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From Intel Inside to Inside Intel

By Charles King
Sep 21, 2010 5:00 AM PT

IT conferences come in all shapes and sizes, with participants ranging from tens of thousands of general technology enthusiasts to mere hundreds of professionals with highly specialized skills. Intel's annual Developer Forum (IDF) is relatively small compared to CES and Oracle OpenWorld, but attendees include the crucial partners who create and bring to market innovative new products based on Intel's silicon.

From Intel Inside to Inside Intel

IDF events tend to follow a relatively predictable pattern based on Intel's "tick/tock" development cycle. The "tick" denotes announcements of upcoming silicon processes that will notably increase transistor density and enhance performance and energy efficiency. The company also introduces next-gen versions of previous microprocessor offerings. The following "tock" finds Intel delivering a new microarchitecture and highlighting partner solutions that take full advantage of those improvements.

By any measure, IDF 2010 should have qualified as a banner "tick" event. During his opening keynote at San Francisco's Moscone Center, company CEO Paul Otellini stated that Intel's development of its next-generation 22nm (aka Ivy Bridge) microarchitecture is proceeding as expected and that commercial solutions are set to arrive in 2H 2011. At the same time, he said that second-gen Intel Core (aka Sandy Bridge) processors will be available early next year.

New Tack

Then Otellini took the audience in an unexpected direction, however, noting that Intel is shifting its focus to accommodate the challenges and opportunities of a "new marketplace for pervasive computing." In part, this market represents an evolutionary continuation of commonplace IT industry trends: There are currently about 1.4 billion PCs worldwide, with another million sold every day. But other wired and wirelessly connected IT products, including smartphones and tablets, are proliferating rapidly -- along with thousands of new "smart" embedded devices.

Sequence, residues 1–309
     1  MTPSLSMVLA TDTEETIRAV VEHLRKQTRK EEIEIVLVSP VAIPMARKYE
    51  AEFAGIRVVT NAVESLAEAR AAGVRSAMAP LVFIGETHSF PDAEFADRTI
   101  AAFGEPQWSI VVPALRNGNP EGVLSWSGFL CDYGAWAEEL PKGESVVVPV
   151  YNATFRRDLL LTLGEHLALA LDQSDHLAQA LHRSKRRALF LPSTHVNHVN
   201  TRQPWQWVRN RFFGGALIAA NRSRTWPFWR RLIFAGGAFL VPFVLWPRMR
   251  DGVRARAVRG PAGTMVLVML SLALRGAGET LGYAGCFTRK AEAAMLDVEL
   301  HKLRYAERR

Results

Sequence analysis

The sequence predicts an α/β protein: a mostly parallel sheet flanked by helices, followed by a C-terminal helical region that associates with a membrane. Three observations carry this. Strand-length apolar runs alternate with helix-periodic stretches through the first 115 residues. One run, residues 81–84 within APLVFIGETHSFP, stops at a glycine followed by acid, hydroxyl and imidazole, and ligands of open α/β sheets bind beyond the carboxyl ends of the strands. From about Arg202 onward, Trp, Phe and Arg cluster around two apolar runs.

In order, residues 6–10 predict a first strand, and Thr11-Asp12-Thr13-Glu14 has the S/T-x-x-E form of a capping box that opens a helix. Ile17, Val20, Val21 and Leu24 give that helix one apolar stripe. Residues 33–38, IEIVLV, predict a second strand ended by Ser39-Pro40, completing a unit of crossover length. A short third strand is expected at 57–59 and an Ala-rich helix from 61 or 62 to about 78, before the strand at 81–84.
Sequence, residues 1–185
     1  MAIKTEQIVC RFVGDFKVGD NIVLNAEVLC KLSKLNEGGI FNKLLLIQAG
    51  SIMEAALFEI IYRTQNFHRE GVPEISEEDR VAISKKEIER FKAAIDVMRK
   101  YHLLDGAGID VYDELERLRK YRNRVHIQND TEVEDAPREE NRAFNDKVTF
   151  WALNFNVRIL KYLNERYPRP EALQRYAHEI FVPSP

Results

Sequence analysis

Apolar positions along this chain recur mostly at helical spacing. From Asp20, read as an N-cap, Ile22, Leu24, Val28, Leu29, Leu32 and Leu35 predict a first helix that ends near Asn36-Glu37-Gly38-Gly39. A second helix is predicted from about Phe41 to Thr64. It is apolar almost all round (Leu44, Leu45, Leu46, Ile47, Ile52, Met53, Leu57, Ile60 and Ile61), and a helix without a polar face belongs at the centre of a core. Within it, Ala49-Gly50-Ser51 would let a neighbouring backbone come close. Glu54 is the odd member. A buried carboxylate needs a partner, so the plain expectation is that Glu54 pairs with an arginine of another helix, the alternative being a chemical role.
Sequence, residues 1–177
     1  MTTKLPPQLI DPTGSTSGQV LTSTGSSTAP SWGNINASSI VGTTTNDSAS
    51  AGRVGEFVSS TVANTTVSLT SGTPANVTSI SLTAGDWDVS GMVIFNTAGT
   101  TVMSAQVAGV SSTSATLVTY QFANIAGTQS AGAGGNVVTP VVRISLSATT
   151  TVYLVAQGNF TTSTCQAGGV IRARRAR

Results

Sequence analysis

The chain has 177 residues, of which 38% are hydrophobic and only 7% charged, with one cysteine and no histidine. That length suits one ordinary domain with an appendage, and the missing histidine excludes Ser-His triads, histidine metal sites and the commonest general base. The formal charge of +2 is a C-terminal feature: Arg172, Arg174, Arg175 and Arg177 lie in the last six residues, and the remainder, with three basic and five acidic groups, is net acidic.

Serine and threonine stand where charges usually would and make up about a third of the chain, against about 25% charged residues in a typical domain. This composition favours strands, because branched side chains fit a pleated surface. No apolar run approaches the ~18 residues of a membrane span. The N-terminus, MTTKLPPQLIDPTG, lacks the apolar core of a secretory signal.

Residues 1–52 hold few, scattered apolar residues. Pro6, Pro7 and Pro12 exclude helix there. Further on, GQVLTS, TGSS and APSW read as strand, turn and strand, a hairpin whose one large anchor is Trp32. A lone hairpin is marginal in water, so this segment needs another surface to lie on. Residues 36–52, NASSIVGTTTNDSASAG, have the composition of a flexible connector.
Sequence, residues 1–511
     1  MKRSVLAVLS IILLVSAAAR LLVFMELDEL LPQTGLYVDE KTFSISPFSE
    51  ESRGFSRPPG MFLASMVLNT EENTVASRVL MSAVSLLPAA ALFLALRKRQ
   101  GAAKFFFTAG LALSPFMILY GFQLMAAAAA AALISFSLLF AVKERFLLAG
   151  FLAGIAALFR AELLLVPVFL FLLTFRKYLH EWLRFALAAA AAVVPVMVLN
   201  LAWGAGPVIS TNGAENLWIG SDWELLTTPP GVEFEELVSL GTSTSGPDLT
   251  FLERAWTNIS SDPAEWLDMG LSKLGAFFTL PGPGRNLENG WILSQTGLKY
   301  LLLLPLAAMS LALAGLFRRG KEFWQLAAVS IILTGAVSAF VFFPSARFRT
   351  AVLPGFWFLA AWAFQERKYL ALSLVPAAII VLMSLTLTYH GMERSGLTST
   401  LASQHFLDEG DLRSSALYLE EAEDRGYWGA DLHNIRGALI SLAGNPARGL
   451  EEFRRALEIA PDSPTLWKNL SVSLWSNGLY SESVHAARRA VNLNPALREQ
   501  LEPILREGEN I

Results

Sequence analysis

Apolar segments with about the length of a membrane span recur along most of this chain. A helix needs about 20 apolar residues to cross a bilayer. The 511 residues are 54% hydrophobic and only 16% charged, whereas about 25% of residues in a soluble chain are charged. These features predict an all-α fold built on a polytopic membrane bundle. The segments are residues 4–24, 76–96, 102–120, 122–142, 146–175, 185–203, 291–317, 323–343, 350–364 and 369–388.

Otellini described the result of these developments as a vastly complex, digitally enabled world with more than 4 billion connected people, 31 billion connected devices, 50 trillion GB of stored data and 25 million applications. In order for IT customers to successfully participate in, manage, maintain and make sense of this world, vendors will have to take a substantially different approach to what they have done in the past. For Intel, this means a fundamental strategic shift toward delivering "more complete" hardware and software platforms, and related services.

Understanding what exactly Otellini meant by "complete platforms" requires a bit of historical context. By 1990, though PC sales were growing steadily, personal computing was still a relatively small market populated with dozens of vendors that interacted with consumers and business customers, as well as component manufacturers that supplied those vendors. In 1991, Intel launched its "Intel Inside" marketing campaign, becoming the first component manufacturer to directly communicate with and influence computer buyers.

Intel Inside is so commonplace today that it is difficult to imagine the IT industry without this high-tech equivalent of the Good Housekeeping Seal of Approval. More practically, the campaign helped Intel cement its position as the IT industry's dominant microprocessor vendor. What does this have to do with IDF 2010? Just this: Intel's embrace of more complete platform development will require the integration of what have often been standalone applications, software and technologies into the company's microprocessors. That, in turn, represents a dramatic, diametric change for the company -- effectively shifting strategic focus from Intel Inside to "Inside Intel."

Better Performance, Better Security

How will this work exactly? Consider the next-gen Sandy Bridge Core processors due next year. Some new features are based on refinements of Intel's 32nm technologies, which will improve overall performance and power efficiency. However, their biggest additions are what Otellini called "visual computing" technologies integrated directly into the microprocessor, and robust new security and management features. This focus on visual computing is a response to what David Perlmutter, GM of Intel's architecture group, described as the incorporation of increasingly sophisticated audio, video and pictures into the user experience.